By Matthew Biddle and David R. Legates.
Better building preparation and public shelters will increase survival rates.
After tornadoes ripped through Tuscaloosa, AL and Joplin, MO, many called for greater efforts to enhance tornado forecast lead times and provide more time for people to take shelter and save lives. The video and pictures showing families grieving for lost loved ones are scenes that few will quickly forget.
Unfortunately, many people wait until they see a tornado approaching or hear the proverbial “freight train” sound before taking action. Humans often exhibit a normalcy bias where both the possibility of disaster and its potential effects are greatly underestimated. Warnings are often interpreted too optimistically, meaning an additional five minutes of advance warning will likely not be heeded.
The National Weather Service (NWS) 70% false alarm rate complicates matters. While tornado forecasting is an inexact science and the NWS does the best it can, too many false alarms make people think any alert is likely only another false alarm – and then disaster strikes, reducing response time despite improved forecasts and lead times.
NWS offices in Kansas and Missouri recently changed their warnings to include phrases like “mass devastation,” “unsurvivable,” and “catastrophic.” While intended to communicate approaching storm dangers more effectively, and persuade people to act immediately, these terms will likely have an opposite effect. After several storms labeled “catastrophic and capable of mass devastation” fail to produce destructive tornadoes, faith in forecasts will be lost.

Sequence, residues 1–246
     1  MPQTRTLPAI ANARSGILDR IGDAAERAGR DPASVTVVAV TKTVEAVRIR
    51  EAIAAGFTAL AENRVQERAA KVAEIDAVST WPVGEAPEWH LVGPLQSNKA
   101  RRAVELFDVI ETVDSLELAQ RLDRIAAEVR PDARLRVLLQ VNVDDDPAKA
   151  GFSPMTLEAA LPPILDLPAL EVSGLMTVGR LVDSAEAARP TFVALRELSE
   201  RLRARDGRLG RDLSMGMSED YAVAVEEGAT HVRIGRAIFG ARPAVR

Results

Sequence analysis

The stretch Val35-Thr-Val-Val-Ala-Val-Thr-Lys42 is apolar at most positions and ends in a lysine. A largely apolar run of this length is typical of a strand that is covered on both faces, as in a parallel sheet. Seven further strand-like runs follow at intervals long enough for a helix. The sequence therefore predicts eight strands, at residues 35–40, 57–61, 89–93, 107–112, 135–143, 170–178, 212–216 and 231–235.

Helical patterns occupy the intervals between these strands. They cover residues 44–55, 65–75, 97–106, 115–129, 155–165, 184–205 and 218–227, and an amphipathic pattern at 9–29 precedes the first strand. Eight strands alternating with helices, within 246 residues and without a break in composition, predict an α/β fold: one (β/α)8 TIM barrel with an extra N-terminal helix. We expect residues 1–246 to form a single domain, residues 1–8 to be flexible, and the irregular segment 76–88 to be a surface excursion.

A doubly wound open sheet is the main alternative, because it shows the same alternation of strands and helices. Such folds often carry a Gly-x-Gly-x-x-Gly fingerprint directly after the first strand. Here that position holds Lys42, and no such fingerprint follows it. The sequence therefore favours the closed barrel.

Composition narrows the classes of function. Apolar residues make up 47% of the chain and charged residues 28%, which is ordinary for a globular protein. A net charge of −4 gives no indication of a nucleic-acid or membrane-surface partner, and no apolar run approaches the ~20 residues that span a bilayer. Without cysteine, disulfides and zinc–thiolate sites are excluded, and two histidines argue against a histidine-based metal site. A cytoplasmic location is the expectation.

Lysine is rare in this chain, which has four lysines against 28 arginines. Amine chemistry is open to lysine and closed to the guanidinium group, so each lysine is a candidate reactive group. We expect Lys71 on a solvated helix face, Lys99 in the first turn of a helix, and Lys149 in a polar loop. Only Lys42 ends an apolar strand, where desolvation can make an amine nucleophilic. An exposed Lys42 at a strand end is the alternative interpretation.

It is assumed that how the population utilizes this information is a matter for emergency preparedness teams. Unfortunately, there is no real fix for irrational human behavior. People will make bad and sometimes deadly decisions for stupid reasons, even when they are educated enough to know better. No NWS terminology can “cut through” this clutter, unless a disaster arrives – and then it’s too late.
Just as important, additional lead time does little for at-risk populations that cannot evacuate and must seek “shelter-in-place.” The poor, the elderly, people with disabilities, and people without adequate shelter (travelers and those living in mobile homes or pre-fabricated housing) have disproportionate death rates in tornadoes. Especially for elderly or disabled people, the alternative to “sheltering-in-place” is being caught in a car while en route to a shelter when the storm hits. And economically disadvantaged families often live in substandard housing that lacks adequate shelter.
After Hurricane Andrew struck Florida in 1992, housing codes were changed to make homes better able to withstand destructive hurricanes, thereby reducing insurance payouts, injuries and deaths. However, hurricanes offer substantial lead times, usually enabling anyone who wants to evacuate the chance to do so.
By contrast, tornadoes occur so suddenly that sheltering in homes is common. That is all the more reason why housing codes should be strengthened, especially for at-risk populations. While a direct hit from an EF-4 or EF-5 tornado may not be survivable, deaths from even these extreme storms would be reduced if homes on the periphery provided more security due to increased housing codes. Survivability would certainly be enhanced during less severe tornadoes, which represent the vast majority of twisters.
A rapid assessment team supported by the National Science Foundation found that inadequate connections between trusses, roofs and walls increase tornado damage. Many scientists who have studied this problem for years have come to the same conclusion.